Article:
Chicken Pox

Complications and Treatment Options for Chicken Pox

You probably think of chicken pox as a childhood disease, and in many cases, it is. However, anyone can contract this viral infection at any age. If you’ve never had it before and you’re not vaccinated, then you’re susceptible to getting the chicken pox.

The chicken pox infection, also called varicella, is very contagious. The virus is spread through simple contact with an infected person. While many cases of the chicken pox don’t cause any serious health concerns, there are some possible complications that you should be aware of.

What to Expect with Chicken Pox

Chicken PoxIn addition to the skin rash and blisters that characterize chicken pox, there are other symptoms, which tend to be worse in adults and older teens than they are in children. These include loss of appetite, a fever, a headache, a sore throat, and fatigue. A day or two after these flu-like symptoms appear, a rash starts to form.

What does chicken pox look like?

The chicken pox rash will change as the disease progresses. It starts out as reddish bumps on your skin. Then, the bumps become blisters. These blisters are filled with fluid and may begin to break open. Once the blisters break open, they scab. During this final stage, the rash is crusty.

Throughout each stage of the rash, you’re likely to experience a lot of itching, irritation, and possibly pain. As hard as it may be, try not to scratch your skin because scratching could result in scarring.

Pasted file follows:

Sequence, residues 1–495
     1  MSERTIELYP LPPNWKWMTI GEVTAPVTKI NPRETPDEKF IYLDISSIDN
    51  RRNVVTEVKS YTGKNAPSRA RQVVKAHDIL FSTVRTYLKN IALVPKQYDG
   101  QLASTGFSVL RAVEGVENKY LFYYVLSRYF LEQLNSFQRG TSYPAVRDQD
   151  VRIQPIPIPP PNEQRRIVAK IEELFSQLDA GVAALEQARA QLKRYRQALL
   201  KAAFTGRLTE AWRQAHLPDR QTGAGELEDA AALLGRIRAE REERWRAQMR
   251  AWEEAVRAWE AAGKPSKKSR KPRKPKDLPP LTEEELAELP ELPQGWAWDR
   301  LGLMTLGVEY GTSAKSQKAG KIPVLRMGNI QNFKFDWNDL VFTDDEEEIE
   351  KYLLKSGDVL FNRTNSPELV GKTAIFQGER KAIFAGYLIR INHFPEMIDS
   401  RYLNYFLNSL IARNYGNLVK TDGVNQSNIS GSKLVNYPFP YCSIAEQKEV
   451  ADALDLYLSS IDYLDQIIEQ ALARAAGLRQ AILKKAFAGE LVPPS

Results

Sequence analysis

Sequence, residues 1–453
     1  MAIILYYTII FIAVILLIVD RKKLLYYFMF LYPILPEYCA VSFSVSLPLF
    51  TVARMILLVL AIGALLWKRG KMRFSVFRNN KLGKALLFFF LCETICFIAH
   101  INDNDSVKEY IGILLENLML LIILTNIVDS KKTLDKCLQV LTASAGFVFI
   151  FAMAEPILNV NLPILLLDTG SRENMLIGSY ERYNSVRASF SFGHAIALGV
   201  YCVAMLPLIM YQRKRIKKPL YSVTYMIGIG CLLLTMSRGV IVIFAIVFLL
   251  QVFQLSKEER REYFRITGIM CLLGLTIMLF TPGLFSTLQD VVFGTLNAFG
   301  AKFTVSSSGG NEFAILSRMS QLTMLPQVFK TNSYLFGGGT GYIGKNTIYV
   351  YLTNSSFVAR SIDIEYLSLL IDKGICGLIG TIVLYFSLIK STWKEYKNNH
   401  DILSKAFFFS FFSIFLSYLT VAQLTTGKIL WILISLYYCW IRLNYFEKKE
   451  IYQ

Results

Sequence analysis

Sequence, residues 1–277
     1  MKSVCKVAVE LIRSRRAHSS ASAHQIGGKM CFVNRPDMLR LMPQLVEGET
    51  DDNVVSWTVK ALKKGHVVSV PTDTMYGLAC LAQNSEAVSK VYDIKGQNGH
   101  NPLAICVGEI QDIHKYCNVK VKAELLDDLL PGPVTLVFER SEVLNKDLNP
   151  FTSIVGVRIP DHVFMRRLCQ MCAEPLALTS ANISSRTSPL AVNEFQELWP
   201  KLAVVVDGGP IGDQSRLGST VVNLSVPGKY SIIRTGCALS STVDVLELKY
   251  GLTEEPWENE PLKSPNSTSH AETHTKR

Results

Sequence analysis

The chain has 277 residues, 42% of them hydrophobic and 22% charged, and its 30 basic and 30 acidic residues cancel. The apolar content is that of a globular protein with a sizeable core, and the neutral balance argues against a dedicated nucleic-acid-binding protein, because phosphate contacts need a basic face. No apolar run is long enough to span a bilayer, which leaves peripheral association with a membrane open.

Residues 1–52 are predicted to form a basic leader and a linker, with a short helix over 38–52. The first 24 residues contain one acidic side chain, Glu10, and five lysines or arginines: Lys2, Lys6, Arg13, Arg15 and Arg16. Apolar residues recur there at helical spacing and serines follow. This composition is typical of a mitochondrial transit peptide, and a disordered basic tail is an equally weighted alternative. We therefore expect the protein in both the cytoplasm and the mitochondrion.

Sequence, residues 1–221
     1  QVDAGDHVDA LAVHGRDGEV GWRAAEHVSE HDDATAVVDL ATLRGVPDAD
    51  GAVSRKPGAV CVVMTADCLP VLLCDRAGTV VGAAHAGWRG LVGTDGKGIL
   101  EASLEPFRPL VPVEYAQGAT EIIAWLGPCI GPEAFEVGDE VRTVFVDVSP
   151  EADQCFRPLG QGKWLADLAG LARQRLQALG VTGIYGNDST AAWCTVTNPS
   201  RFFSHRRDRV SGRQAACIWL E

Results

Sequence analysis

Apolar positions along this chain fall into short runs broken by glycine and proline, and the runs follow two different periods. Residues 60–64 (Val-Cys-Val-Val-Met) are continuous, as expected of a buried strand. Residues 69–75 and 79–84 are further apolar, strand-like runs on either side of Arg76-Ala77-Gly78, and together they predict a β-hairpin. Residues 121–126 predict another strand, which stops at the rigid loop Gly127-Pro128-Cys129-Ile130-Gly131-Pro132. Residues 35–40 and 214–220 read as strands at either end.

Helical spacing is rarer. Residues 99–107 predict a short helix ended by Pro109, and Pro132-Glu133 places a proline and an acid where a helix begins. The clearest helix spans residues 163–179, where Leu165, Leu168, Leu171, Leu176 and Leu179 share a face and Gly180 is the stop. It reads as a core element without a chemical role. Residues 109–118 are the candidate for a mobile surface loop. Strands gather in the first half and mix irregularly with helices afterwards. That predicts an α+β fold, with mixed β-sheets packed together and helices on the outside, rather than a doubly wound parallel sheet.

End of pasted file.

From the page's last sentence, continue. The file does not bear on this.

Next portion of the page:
Some complications can occur with chicken pox, especially in adults. If you experience any of the following complications, you need to see a medical professional right away:

  • Symptoms of a secondary bacterial infection, which include    warm, reddish, or tender skin
  • A high fever
  • Disorientation of dizziness
  • Quickening heartbeat
  • Shortness of breath
  • Tremors, loss of muscle control, or a stiff neck
  • A rash in your eyes
  • Vomiting
  • Severe cough

When to Seek Medical Attention

Even if you don’t have serious symptoms of chicken pox, it’s a good idea to see a medical professional to confirm the diagnosis, get advice about how to manage your specific symptoms, and receive prescription drugs when necessary. It’s especially important for adults and older teens to seek medical guidance to avoid serious complications of chicken pox.

The medical professionals at FastMed Urgent Care are available 365 days a year, and our clinics feature extended hours on weekdays. Plus, it’s our goal to provide personal, prompt medical care, striving to get you in and out within just one hour.

The content presented on this page is not intended to diagnose health problems or take the place of professional medical care.